Hells Angel Club House video helps catch man wanted for attempted murder
SPOKANE, WA ( March 3, 2017) – Video surveillance from multiple businesses along the Sprague corridor helped detectives find the man accused of shooting a man in the back of the head near the Bel Air Motel on January 9.
According to court documents, suspect Brice Bailey, 43, was driving erratically on Sprague Avenue just before midnight on Jan. 8. A witness told police Bailey had pulled up alongside his car, with his windows rolled down and proceeded to cut him off. The witness said the man, who he did not know, continued to drive strangely in front of him. He said Bailey turned his turn signal off and on, or merged in the wrong direction repeatedly.
The witness said eventually he turned off Sprague and headed home to his house near 7th and Thierman. When he got out, the suspect was sitting in his car and fired in his direction, the witness said. Another witness said he was awoken by loud music coming from the suspect’s car and watched an arm exit the front passenger window of the car and fire at the first witness.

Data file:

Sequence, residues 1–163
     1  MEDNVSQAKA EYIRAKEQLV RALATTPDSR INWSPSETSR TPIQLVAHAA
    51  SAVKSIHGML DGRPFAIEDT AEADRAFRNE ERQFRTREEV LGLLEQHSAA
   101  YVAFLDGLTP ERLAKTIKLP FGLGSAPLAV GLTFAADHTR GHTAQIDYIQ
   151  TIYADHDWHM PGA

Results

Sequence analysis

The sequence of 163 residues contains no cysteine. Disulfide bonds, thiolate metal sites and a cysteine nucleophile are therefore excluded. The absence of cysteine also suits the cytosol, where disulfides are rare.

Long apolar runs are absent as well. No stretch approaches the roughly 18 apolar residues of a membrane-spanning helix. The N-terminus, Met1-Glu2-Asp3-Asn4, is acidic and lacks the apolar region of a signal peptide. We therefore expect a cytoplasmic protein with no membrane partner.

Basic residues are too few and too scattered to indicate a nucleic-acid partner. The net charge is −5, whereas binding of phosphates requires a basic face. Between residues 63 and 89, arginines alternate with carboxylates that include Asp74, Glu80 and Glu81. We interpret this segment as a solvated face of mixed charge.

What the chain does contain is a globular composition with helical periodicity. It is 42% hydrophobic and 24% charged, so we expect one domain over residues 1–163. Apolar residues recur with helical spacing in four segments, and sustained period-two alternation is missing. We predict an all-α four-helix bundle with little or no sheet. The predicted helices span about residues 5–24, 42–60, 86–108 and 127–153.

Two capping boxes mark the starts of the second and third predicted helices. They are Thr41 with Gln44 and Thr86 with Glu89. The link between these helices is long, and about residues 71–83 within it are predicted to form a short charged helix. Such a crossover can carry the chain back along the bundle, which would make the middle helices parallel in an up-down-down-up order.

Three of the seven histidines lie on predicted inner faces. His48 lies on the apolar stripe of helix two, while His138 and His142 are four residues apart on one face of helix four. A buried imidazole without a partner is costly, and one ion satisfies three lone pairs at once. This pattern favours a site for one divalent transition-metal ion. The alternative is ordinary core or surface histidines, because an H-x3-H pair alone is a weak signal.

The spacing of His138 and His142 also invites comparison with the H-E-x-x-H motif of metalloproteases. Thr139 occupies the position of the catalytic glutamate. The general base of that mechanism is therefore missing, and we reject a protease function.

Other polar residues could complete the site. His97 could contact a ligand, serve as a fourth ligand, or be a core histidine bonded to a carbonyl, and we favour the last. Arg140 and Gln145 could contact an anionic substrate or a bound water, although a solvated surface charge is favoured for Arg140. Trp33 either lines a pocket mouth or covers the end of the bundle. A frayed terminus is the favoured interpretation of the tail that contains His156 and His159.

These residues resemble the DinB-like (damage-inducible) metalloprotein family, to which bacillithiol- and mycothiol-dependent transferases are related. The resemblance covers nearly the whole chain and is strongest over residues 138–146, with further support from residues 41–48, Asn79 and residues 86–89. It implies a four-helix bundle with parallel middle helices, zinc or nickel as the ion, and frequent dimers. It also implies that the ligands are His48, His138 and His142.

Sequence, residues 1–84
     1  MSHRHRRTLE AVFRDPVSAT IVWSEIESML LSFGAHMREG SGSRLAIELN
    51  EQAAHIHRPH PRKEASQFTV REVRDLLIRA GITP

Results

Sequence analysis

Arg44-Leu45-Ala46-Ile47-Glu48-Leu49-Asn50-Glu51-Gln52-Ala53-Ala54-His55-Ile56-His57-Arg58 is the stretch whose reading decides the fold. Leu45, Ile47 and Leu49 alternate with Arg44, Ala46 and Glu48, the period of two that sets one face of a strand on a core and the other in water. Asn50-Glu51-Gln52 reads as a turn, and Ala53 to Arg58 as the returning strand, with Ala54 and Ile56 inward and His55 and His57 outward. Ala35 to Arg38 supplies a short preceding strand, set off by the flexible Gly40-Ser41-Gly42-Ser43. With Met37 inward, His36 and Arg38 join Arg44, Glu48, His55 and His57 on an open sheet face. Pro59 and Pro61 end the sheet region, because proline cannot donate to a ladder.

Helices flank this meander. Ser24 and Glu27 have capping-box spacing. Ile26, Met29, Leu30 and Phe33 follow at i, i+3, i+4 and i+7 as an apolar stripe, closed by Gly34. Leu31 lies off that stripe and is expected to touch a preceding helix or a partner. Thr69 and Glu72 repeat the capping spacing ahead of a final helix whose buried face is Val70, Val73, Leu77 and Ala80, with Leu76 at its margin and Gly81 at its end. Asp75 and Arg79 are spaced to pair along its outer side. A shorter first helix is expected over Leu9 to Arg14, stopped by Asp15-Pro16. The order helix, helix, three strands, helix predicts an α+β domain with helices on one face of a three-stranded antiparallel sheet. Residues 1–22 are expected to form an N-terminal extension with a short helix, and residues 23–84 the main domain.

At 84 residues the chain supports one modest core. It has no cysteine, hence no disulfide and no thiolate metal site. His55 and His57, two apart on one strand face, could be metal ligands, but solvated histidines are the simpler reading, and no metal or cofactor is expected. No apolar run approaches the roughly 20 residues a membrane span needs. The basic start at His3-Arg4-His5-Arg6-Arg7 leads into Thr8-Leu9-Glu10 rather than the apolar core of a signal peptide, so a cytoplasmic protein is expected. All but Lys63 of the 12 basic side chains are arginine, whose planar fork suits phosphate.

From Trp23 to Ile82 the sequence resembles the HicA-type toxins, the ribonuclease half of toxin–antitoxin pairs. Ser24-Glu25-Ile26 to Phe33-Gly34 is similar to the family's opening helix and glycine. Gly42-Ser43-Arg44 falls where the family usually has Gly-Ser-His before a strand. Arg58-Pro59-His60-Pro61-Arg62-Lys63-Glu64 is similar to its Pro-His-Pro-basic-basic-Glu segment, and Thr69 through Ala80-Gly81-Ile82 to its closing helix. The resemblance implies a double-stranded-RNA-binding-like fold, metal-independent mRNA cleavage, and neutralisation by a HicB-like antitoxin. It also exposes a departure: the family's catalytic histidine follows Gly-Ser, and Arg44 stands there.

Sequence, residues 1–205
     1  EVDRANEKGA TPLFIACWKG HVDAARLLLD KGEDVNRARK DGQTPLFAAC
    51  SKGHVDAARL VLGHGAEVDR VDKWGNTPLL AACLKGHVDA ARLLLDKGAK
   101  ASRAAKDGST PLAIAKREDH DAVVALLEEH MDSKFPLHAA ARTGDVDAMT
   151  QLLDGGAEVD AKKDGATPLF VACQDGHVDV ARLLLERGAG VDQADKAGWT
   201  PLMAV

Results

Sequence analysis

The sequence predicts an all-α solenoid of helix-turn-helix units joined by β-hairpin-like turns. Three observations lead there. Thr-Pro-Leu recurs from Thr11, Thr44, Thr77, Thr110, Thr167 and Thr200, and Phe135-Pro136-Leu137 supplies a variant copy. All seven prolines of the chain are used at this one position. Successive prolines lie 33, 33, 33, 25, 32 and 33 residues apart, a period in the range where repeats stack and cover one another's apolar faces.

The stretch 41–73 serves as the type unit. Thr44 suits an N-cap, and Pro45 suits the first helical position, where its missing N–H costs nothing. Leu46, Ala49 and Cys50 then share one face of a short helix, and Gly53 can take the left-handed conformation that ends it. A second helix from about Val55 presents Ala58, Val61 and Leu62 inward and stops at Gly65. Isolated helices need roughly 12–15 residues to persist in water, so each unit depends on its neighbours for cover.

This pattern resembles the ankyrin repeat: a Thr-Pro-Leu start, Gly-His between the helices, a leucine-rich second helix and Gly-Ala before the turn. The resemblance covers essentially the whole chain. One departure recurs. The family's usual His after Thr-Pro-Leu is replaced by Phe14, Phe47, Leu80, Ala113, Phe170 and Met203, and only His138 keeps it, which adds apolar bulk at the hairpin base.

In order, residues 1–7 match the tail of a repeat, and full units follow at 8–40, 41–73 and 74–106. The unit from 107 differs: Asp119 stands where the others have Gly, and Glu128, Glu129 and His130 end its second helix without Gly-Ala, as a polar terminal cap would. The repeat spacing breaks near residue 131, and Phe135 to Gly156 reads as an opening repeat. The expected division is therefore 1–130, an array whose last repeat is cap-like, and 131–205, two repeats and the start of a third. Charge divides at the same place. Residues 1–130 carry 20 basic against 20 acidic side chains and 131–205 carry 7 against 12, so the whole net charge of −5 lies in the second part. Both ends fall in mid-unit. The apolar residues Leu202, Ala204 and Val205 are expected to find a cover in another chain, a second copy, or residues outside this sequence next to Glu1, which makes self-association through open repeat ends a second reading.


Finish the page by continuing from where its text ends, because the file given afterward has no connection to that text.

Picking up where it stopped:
Later that night, just after midnight, Spokane Police officers responded to a call of a man being shot in the head in the area of East Sprague Avenue. A man staying at the Bel Air Motel called 911 after hearing gunshots and seeing a person lying in the middle of the motel parking lot. That witness described the same car as the witnesses in the previous shooting.
The motel guest went outside to the victim after calling 911 and saw that he had been shot in the back of the head.
SPD identified the shooting victim as Dakota Runge, 17. Runge was taken to Sacred Heart and initially listed in critical condition. As of Thursday afternoon, Runge was not listed as a patient.
Unknown Hells Angels MC Member
Police got video from the Hells Angels Club House across the street – along with other businesses in the area – and were able to track the involved car to Brice Bailey, according to court documents.
Bailey has a criminal history for theft and controlled substances, according to court documents. He was on supervision with the Washington State Department of Corrections and had recently refused to attend a mental health assessment.
“During a routine DOC visit, Bailey was slightly agitated and disturbed, and his mental health stability was a concern,” reported an officer in court documents.